The GoGlobal Blog



Last week at UCC was the best week in the academic calendar– RAG week. RAG week, which stands for Raise & Give, is 4 days that are crammed with a number of events that all raise money for different charities. Events normally start around 10am and run until 4pm that any and all students can participate in. The on campus bars also open at 12:30 everyday and are packed with students from open to close. Walking into New Bar on campus, is just like walking into a night club– dimmed lights, blasting music, swimming with people, and flowing drinks– all at 1pm. This makes the general tone of the entire campus like a party. Some students participate in as many activities on campus as possible and some just use RAG week as an excuse to drink 24/7. But no matter which way you spend RAG week, it is for a good cause, so drinking that pint at 2 isn’t as bad when you throw a Euro into a bucket for charity while you drink it.

The table of the campus’s New Bar (the club is called Áras)

It is also important to note that Cork City is largely a college town, this means that it’s not just the campus that goes crazy when RAG week comes around– the whole city does. People who don’t attend college at UCC will come for RAG week, practically all of the pubs and clubs have some kind of drink deals during RAG week. We went into the city on Monday night at 10:30 and the line to a popular club was already around the block and the club didn’t open for another half an hour. The whole city seems to go crazy for RAG week, the week before RAG week we were in a cab and the cab driver spent half of the time talking about how people from the country come into Cork for RAG week. Each apartment in the complex that I live in received a letter from our landlord reminding us of some of the apartments rules and threatening serious consequences to tenants who break these rules, such as throwing eggs out of the window or at other buildings, tampering with security cameras and fire extinguishers, and so on. There would also be a security guard on the premise during RAG week instead of our usual night wardens. This letter made me wonder what has possibly happened in past RAG weeks to prompt this type of letter.

The letter from our landlord

So how did I survive RAG week? Did I even survive RAG week? Yes and yes. I actually only had one class all week of RAG week and that was my music class on Monday. My two government classes were cancelled because it was reading week. My folklore class had a story-teller guest speaker for one class and the other was just cancelled. This left me with a week for free time to enjoy this crazy cultural phenomena that is RAG. On Monday I shot clay pigeons with two other friends. I was horrible. I did not hit a single pigeon thus embarrassing my gun-loving American stereotype. On Tuesday, we watched some of the ‘iron stomach’ competition which consisted of the contestants taking off one of their socks, putting it over a carton of milk, and drinking the entire carton. Wednesday, my roommate and I woke up at 12:15 and some how made it to the color run at 12:30. Thursday, we went to the on campus bar again to watch some student karaoke. And Friday, I did not leave my bed. RAG consisted of a lot of dancing, borrowing roommates clothes, laughing, and a relaxing feel-good atmosphere that never really seems to be missing in Ireland. It was a week that I will never forget, and my liver will never forgive me for.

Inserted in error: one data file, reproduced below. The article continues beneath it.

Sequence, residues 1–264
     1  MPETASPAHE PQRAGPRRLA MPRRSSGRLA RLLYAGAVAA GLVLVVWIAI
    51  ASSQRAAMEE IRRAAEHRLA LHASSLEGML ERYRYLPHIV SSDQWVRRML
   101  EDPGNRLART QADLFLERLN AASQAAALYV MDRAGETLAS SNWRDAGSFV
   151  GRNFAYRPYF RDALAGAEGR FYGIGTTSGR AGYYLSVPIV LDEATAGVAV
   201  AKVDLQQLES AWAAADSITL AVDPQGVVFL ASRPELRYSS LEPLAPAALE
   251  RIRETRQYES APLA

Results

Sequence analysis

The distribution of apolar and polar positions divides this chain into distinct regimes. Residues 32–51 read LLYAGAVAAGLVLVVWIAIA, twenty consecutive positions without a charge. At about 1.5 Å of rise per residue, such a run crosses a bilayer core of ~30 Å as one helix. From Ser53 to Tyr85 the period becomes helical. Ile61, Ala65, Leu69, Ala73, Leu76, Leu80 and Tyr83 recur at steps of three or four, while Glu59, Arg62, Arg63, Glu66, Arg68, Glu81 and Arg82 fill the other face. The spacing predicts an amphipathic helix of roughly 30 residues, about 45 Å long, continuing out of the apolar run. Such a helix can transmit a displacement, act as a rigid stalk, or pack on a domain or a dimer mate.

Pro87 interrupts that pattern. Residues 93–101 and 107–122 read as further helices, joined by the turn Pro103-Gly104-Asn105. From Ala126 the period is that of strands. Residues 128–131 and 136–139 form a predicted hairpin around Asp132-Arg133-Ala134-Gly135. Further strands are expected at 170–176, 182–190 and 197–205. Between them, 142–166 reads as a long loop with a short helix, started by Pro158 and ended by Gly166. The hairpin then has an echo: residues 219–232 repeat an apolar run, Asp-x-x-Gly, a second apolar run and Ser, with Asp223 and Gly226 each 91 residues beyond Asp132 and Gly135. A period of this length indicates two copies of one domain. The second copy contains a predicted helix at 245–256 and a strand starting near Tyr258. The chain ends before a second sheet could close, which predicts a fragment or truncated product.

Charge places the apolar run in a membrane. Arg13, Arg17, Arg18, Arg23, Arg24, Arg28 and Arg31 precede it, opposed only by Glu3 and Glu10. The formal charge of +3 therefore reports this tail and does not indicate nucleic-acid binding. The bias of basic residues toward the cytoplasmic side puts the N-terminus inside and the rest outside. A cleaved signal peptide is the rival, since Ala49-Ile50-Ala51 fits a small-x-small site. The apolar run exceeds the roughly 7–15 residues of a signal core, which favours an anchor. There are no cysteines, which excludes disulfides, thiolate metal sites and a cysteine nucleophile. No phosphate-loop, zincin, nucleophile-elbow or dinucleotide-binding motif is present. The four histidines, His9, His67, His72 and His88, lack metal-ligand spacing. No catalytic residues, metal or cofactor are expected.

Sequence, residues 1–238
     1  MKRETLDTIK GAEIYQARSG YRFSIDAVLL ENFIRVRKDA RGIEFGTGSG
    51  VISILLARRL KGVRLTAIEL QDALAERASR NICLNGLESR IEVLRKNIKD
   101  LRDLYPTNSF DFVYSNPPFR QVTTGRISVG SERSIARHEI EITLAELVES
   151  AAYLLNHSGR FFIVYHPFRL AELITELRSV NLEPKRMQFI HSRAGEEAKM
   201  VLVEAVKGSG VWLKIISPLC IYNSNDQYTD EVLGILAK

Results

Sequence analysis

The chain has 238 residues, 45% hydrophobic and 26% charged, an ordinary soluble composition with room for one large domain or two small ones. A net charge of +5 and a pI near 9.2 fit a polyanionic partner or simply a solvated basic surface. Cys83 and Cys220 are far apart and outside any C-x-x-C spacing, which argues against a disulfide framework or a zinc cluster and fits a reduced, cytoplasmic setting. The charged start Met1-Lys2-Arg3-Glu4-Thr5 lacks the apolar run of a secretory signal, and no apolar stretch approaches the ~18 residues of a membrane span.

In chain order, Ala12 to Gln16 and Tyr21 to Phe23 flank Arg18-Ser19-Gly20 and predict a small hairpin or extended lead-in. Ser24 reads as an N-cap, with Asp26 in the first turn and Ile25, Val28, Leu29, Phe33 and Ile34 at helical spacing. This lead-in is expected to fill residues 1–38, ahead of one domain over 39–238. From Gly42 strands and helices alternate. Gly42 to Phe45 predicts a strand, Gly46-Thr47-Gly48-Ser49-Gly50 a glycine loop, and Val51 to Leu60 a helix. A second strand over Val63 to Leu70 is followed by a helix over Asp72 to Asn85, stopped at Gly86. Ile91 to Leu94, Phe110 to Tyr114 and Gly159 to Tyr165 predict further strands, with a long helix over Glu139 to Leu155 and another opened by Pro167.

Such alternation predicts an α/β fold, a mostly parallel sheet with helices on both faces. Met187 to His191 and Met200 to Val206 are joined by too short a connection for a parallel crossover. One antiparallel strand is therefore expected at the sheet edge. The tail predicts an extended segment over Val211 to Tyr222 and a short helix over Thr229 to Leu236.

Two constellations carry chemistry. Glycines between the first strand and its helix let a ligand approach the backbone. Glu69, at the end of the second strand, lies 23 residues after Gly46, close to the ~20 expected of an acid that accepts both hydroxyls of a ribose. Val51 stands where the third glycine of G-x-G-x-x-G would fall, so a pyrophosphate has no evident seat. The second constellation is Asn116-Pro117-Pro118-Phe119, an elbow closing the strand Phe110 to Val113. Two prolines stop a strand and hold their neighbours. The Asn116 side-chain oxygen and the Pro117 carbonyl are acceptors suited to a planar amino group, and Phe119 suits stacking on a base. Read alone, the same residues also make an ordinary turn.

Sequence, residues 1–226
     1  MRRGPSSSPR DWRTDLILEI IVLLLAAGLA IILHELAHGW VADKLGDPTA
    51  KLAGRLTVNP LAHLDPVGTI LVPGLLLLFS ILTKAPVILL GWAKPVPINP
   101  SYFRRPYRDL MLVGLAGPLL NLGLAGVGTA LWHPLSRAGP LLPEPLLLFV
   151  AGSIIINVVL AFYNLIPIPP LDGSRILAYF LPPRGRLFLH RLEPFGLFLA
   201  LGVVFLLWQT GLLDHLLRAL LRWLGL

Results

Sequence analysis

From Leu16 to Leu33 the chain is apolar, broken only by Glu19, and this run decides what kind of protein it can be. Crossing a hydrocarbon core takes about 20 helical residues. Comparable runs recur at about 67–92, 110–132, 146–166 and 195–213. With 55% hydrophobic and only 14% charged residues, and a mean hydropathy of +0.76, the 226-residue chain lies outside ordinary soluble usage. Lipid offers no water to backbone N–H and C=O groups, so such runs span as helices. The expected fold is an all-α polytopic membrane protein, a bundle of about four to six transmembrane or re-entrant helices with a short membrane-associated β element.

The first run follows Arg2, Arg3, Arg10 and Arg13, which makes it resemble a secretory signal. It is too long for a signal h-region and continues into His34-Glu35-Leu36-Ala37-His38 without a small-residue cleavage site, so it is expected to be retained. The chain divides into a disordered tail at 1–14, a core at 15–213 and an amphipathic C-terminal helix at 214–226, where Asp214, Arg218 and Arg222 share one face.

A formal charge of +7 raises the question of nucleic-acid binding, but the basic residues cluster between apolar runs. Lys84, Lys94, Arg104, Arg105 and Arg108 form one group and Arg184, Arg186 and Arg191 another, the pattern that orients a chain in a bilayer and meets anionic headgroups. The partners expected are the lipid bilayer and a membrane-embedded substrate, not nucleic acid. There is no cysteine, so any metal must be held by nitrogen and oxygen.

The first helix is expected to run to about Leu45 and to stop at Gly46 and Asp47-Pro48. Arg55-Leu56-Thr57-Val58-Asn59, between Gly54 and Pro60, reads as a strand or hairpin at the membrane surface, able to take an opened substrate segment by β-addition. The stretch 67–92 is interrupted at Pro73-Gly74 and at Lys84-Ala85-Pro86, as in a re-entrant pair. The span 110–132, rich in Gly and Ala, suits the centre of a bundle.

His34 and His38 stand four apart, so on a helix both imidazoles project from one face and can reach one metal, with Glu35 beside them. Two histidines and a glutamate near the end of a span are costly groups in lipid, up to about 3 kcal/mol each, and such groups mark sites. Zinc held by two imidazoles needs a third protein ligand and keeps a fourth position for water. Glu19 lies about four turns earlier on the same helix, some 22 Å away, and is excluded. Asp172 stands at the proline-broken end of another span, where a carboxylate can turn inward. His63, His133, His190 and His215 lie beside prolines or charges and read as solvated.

Marypaz eating a chicken roll– a staple of RAG week cuisine


Sadly, the end of RAG week brought me back to the harsh reality that I am in Ireland to go to school. As March approaches, I have major, assignments for all of my courses due. With papers and projects due every week, it is time to buckle down and get my study on. There are many silver-linings to a month of hard-work. The major one being that after April 2nd, I will have only one more paper due (a paper in my music class due on the 24th) and then I will be completely finished with class assignments. No finals for me, which means I will have practically 2 months to fully enjoy my time in Ireland and abroad. With many trips planned on the horizon, all it takes is a positive attitude, and lots of cups of tea, to get me through this month of work and to the end of the tunnel.

I should be quick to note that this month of work will definitely not be only work. This weekend I head up to Dublin with some friends and leave with one of my roommates from Loyola. My roommate, Alyssa, is visiting me over her spring break and I cannot be more excited to show her how I have been living here as she has been experiencing one of Chicago’s coldest February’s ever. Once she leaves, I have a weekend trip to Kerry planned as well as a weekend in Glasgow. The end of March also means a visit from a Rome-center friend, Allison, whose plans we are still trying to iron out. With so much work and play in my future, it is crazy to think how I will ever adjust back to life at home. It is safe to say it will be a more difficult transition home then it was to get here.

Thats all for now! More later!

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